CNN says undercover journalist O'Keefe taping morning conference calls 'may be a felony'
"We've referred it to law enforcement," the cable TV network said.
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CNN says undercover conservative journalist James O'Keefe, who gained access to the liberal-leaning network's daily morning conference calls and posted the audio files, may have committed a felony.
On Tuesday morning, O'Keefe, head of Project Veritas, posted on Twitter that he would soon release recordings from editorial calls between CNN President Jeff Zucker, members of his senior leadership and top journalists at the network.
"Legal experts say this may be a felony," CNN's public communications department said in response. "We've referred it to law enforcement.
O'Keefe, who conducts stings and gains access through informants, has faced legal problems before.
In 2010, O'Keefe and three others were arrested and charged with a felony for entering a federal building in New Orleans under false pretenses as they targeted the office of then-Sen. Mary Landrieu (D-La.). That charge was eventually reduced to a single misdemeanor, but O'Keefe was sentenced to three years probation and required to perform 100 hours of community service.
O'Keefe released two tapes on Tuesday evening. Among the interesting excerpts:
- Zucker: "You know, this is what we've come to expect for the last three and a half years, four years, but it clearly is exacerbated by the time that we're in and the issues that [Trump is] dealing with. I think that we cannot just let it be normalized. He is all over the place and acting erratically, and I think we need to lean into that."
- Zucker: "Frankly, if we've made any mistake, it's been that our banners have been too polite, and we need to go well after Lindsey Graham."
- Zucker: "There's a ton going on. Let's stay strong. Let's stay newsy. Let's stay urgent. Let's be smart. There is a lot of news out there, and Lindsey Graham really deserves it."
- David Vigilante, CNN general counsel: "Yeah, I was just going to say, if you're going to talk about the story, I think it's unavoidable that you have to talk about the naked racism of Tucker Carlson. Because that's really what drove this anti-diversity push, you know, Trump watches Tucker Carlson's show and then reacts. And just as sort of the white supremacy hour they have on Fox News every night, I think it's the — You can't disconnect the two."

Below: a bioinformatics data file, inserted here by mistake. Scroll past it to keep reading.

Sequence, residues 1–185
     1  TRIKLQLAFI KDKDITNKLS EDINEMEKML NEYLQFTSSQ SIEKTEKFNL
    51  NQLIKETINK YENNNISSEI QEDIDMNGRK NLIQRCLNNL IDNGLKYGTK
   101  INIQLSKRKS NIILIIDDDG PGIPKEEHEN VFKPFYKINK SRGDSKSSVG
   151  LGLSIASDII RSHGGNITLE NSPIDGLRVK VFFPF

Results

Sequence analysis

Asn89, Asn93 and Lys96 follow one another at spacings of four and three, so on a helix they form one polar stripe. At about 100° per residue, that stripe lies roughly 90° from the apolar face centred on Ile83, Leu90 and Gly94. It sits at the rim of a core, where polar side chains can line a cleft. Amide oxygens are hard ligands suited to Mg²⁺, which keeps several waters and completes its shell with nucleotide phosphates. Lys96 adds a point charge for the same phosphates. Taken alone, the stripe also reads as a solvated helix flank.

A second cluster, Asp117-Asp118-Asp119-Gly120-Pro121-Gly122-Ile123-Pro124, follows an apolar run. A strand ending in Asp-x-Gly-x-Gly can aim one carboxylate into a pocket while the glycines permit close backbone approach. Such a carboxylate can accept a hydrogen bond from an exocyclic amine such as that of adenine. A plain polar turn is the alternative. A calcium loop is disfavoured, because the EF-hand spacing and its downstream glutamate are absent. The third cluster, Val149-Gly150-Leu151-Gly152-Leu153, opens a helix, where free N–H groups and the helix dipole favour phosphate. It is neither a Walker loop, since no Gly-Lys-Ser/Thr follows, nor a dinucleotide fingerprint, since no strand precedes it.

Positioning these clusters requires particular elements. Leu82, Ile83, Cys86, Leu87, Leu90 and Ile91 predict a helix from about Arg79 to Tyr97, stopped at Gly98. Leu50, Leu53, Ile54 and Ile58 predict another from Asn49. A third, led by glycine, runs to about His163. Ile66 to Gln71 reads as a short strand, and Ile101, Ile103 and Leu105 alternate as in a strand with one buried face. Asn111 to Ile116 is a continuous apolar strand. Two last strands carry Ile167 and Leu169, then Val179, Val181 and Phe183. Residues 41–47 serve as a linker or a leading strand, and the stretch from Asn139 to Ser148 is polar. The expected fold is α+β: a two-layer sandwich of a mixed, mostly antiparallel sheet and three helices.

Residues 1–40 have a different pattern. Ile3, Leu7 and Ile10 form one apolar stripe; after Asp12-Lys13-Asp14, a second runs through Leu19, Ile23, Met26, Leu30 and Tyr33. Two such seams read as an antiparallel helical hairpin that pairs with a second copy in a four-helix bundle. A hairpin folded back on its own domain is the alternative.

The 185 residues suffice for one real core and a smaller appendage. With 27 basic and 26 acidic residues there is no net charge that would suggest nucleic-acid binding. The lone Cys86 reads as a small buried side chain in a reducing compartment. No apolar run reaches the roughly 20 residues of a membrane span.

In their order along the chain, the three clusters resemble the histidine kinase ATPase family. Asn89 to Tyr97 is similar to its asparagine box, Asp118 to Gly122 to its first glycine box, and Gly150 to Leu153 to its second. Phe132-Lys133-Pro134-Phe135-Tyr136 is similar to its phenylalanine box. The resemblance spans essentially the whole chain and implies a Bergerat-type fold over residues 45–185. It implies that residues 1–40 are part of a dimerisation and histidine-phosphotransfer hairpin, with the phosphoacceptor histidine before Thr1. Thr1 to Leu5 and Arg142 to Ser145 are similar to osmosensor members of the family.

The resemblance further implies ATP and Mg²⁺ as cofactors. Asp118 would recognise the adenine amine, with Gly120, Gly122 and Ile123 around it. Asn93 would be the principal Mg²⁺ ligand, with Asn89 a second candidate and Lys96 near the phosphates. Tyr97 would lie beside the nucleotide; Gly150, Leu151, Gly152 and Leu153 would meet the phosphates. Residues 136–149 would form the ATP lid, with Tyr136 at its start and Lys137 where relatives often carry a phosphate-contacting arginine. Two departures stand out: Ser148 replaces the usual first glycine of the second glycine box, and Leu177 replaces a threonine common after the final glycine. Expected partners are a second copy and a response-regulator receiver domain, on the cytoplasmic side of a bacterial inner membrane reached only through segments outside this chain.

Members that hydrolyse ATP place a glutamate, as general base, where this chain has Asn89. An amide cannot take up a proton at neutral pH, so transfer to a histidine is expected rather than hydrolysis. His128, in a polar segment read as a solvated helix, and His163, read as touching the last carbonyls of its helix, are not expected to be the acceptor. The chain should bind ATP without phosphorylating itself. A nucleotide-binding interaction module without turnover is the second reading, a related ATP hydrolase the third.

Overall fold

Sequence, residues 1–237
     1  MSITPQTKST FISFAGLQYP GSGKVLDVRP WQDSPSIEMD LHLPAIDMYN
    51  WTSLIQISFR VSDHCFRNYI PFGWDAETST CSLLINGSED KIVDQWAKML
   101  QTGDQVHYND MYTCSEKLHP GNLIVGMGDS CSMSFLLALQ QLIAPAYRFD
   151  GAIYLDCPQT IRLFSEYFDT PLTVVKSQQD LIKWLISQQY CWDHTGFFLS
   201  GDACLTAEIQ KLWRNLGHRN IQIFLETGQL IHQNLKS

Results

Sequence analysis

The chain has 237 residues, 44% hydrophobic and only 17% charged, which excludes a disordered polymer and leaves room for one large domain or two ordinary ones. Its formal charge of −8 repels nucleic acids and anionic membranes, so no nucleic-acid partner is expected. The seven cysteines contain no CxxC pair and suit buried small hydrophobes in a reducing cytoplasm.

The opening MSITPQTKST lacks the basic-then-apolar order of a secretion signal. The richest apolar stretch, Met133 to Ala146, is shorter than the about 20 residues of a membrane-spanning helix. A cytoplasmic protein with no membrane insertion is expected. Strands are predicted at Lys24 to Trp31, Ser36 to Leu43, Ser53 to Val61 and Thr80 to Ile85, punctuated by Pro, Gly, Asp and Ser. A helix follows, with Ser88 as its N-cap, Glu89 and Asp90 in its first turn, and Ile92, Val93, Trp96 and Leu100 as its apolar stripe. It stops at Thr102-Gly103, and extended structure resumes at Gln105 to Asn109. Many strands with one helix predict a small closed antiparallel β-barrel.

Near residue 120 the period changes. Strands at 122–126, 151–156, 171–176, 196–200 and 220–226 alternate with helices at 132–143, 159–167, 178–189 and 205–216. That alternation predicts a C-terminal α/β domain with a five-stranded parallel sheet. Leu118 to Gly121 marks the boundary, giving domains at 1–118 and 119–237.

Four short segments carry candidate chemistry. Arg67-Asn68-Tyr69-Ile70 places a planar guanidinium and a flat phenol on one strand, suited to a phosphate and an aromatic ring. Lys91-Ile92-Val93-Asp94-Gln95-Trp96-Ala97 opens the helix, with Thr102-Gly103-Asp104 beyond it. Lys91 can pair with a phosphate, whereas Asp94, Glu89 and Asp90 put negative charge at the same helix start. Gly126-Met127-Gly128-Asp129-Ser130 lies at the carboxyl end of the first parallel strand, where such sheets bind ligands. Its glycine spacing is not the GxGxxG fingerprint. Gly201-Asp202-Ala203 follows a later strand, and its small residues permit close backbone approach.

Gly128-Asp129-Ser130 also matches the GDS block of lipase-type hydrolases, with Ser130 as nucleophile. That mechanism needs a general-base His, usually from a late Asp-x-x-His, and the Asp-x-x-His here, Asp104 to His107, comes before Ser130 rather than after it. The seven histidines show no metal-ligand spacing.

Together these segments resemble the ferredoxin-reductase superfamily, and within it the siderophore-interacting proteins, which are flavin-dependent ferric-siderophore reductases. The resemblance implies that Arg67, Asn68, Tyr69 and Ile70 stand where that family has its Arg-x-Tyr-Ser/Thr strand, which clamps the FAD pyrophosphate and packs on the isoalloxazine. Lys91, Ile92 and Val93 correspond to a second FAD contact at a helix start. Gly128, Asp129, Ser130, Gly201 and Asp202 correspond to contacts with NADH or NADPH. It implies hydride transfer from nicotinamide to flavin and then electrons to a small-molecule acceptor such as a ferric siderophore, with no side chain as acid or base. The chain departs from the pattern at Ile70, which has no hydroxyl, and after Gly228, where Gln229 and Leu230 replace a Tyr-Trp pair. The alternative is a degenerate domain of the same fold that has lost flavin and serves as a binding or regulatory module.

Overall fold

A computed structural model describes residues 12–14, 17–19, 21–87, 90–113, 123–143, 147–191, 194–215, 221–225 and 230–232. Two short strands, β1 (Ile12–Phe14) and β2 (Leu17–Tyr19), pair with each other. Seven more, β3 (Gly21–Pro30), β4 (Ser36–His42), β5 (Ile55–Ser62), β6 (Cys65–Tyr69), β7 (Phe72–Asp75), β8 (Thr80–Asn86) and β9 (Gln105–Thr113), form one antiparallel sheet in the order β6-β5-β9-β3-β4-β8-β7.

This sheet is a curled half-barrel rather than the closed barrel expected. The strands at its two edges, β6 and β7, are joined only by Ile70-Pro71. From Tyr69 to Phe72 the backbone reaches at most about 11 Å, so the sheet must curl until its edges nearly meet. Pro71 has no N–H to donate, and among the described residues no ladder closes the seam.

- Stephanie Becker, CNN field producer: "On the issue of why it's important to get the transition going right, the 9-11 report talks about one of the problems was that the trouble that was brewing that lost during the transition. So, if you want a good, concrete example of what happens when you don't have a good transition, well, look at the Twin Towers."
In a video posted on his social media accounts on Tuesday, O'Keefe — who said an insider gave him access to the calls — unmuted the 9 a.m. conference call and confronted Zucker.
"Hey Jeff Zucker, are you there?" O'Keefe asked. "Hey, this is James O'Keefe. We've been listening to your CNN calls for basically two months, recording everything. Just wanted to ask you some questions if you have a minute. Do you still feel you're the most trusted name in news, because I have to say from what I've been hearing on these phone calls, I don't know about that. And we got a lot of recordings that indicate that you're not really that independent of a journalist."
Zucker, who seems surprised, says: "Um, thank you for, uh, thank you for, uh, for your comments. Um, so everybody, in light of that, I think what we'll do is we'll, we'll set up an, uh, uh, a new system and we'll, uh, be back, uh — we'll do the rest of the call a little bit later."
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